Dimensions of Language Development: Lessons From Older Children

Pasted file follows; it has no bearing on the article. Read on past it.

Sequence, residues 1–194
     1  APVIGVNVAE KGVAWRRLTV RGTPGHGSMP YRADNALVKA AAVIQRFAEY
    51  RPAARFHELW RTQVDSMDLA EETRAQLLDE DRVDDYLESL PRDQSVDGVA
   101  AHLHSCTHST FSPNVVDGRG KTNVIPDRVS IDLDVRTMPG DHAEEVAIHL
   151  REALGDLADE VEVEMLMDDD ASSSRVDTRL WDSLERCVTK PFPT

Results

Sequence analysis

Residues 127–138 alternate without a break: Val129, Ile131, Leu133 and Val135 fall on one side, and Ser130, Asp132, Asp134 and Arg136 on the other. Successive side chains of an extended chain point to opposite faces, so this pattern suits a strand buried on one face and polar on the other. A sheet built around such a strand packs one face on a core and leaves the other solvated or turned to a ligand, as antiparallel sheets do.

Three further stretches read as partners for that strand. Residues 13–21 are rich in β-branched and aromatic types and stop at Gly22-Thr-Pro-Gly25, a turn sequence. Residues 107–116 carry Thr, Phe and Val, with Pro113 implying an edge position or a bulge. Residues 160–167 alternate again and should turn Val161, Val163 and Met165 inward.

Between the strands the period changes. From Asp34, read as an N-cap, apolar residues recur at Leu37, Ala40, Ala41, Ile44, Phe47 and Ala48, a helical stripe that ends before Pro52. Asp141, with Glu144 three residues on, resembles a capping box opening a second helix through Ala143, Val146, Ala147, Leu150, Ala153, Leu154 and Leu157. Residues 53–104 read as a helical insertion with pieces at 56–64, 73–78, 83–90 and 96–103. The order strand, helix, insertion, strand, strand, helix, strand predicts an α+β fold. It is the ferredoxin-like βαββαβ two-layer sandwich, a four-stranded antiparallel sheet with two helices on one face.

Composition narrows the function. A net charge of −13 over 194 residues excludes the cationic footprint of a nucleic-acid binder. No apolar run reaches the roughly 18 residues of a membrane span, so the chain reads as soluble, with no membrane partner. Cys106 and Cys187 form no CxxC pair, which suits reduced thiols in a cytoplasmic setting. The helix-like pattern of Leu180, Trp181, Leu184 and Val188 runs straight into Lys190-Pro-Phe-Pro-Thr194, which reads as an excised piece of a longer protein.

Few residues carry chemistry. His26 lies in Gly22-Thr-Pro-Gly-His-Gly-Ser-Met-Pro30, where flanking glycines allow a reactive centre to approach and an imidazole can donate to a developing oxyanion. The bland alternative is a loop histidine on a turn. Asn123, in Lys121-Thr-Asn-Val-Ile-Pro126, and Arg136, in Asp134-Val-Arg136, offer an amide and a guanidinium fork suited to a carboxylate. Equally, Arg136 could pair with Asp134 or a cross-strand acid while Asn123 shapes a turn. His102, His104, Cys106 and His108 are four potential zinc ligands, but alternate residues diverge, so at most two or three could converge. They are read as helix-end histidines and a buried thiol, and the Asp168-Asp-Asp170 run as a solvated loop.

Development of language goes on throughout life. Language learning is truly lifelong. Speakers continue to acquire morphemes to build vocabulary, stylistic variation in syntax, and pragmatic maneuvers to meet needs that shift according to interlocutors, acquired bodies of knowledge, and altered roles. Investigators of first language development have given almost no attention to how such learning takes place, what may motivate it, and the speed with which vocabulary growth and syntactic complexity can take place beyond early childhood (but see Hoyle & Adger, 1998). The focus of this chapter is the language development of older children and young people over a relatively brief time frame within project-based environments of intense peer interaction guided by one or more adults. Situations for this learning occur within out-of-school youth-based organizations that involve young members primarily in either the arts and service or athletics with a strong focus on academics.